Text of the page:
You’ve heard the stories – a dog wakes a family up in the middle the night to alert them of smoke; a soldier is saved in the line of fire when his dog jumps in front of a bullet. What is it that propels them to do this? According to researchers – empathy.
Dr. Ramiro Joly-Mascheroni, a professor at City, University of London, says “humans don’t fully recognize others’ feelings until age 4 or 5.” Dogs, on the other hand, have a “rudimentary form of empathy” built on the strength of their bond with humans. Dr. Brian Hare, the founder of the Duke University Canine Cognition Center, says that bond is formed from something called an “oxytocin loop” – when a dog and human look into each other’s eyes, their levels of oxytocin rise. In other words, they both make each other feel loved.
Dogs are primarily lovers – not fighters – and they will use a series of “calming signals” to prevent aggression in other dogs and people. Norwegian dog trainer Turid Rugaas coined the term and says there are about 30 actions that a dog will employ to keep the peace, including yawning, licking, averting his eyes, sniffing the ground, slow walking, laying down, softening the eyes, blinking, and even sneezing. If you sense your dog is giving you a calming signal, take a breather. If he’s stressed, employ your own calming signals to let him know he’s safe and loved.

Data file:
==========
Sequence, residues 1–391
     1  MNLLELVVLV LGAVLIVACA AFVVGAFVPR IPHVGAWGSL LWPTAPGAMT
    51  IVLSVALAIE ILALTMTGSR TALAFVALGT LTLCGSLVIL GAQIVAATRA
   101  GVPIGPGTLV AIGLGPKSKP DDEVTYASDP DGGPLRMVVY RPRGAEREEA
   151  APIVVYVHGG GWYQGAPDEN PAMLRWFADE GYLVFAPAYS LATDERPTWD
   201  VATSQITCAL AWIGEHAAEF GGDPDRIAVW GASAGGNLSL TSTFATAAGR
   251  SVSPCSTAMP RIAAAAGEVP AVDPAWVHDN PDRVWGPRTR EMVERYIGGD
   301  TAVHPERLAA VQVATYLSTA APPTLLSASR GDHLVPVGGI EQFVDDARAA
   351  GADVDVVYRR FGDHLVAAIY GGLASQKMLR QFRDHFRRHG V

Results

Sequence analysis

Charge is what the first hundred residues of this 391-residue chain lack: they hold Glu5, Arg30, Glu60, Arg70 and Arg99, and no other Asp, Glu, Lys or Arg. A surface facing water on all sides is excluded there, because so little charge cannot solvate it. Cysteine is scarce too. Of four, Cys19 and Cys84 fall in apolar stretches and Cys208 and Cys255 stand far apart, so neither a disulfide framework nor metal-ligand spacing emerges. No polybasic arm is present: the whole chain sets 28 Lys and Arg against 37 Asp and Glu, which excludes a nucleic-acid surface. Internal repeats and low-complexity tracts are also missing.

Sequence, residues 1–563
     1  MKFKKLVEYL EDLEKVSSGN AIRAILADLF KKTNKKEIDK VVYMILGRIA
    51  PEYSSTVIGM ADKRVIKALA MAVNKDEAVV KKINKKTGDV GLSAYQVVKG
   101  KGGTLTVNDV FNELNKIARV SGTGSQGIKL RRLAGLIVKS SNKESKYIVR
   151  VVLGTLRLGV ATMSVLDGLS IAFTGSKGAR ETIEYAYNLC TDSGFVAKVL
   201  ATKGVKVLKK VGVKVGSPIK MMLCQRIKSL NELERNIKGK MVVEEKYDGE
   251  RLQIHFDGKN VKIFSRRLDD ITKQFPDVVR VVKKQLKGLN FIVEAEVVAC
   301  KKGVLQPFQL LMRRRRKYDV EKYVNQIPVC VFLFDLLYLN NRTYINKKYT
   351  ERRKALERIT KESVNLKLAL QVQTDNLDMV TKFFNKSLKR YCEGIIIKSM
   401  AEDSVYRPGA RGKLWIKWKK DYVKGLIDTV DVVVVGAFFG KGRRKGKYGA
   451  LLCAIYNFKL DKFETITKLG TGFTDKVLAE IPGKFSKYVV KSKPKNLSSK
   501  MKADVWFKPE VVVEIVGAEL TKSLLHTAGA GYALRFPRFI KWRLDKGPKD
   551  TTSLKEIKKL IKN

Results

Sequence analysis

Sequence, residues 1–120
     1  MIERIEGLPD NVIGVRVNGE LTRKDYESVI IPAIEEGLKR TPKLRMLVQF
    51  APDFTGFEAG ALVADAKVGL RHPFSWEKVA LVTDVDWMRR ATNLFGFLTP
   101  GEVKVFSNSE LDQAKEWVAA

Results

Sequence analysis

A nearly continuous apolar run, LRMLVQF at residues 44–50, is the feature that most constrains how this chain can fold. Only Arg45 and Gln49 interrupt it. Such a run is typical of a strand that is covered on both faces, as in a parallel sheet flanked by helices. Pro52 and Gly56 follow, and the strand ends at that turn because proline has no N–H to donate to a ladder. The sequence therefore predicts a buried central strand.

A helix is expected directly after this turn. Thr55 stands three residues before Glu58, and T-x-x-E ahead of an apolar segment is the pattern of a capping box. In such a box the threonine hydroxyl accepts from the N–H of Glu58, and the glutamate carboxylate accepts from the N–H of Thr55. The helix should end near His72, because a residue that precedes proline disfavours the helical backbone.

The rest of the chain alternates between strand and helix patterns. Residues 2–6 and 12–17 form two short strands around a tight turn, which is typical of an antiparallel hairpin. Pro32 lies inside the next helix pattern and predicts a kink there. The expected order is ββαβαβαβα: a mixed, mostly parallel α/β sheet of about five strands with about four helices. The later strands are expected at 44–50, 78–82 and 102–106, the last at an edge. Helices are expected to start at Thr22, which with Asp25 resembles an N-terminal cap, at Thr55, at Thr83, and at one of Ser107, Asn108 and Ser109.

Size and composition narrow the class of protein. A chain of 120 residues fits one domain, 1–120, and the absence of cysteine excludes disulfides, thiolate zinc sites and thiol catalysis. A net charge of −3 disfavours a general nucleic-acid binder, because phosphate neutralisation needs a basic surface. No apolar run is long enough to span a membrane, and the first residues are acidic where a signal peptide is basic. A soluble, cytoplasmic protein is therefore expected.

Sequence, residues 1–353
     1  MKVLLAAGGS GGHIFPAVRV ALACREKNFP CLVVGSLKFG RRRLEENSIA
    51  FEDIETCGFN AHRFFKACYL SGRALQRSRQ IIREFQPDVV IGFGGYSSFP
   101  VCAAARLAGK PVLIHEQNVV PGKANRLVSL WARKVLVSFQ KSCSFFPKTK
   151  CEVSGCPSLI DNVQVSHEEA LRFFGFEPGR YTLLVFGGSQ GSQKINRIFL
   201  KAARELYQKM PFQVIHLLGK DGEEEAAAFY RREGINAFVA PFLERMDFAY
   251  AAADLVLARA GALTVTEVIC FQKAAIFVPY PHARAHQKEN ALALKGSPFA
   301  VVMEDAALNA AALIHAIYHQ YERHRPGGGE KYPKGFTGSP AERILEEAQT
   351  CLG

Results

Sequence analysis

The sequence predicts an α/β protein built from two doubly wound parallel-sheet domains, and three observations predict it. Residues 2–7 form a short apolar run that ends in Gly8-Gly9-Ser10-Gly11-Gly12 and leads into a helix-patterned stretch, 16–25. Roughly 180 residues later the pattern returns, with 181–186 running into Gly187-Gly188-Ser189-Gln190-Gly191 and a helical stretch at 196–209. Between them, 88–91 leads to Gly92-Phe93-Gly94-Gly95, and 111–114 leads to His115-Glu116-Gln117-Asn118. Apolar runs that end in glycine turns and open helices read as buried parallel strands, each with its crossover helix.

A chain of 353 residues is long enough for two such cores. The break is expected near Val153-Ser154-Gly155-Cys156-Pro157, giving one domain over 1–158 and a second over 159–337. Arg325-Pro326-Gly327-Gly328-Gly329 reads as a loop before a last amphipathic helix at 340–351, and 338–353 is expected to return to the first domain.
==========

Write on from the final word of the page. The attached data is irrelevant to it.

There are as many types of growls as there are barks, and not all are uttered in anger. Some dogs growl as a warning to show they’re anxious (and a bite is imminent), while others vocalize when they are frustrated and wish to be close to something. Still others growl during play to show they’re having fun, but if you’ve ever come across a dog that “purrs” – well, you know you’ve shared a special moment with your best friend. These low-pitched growls, called “rumbles,” are a sign that your dog is simply loving the affection and attention you’re giving her, and she wants it to continue.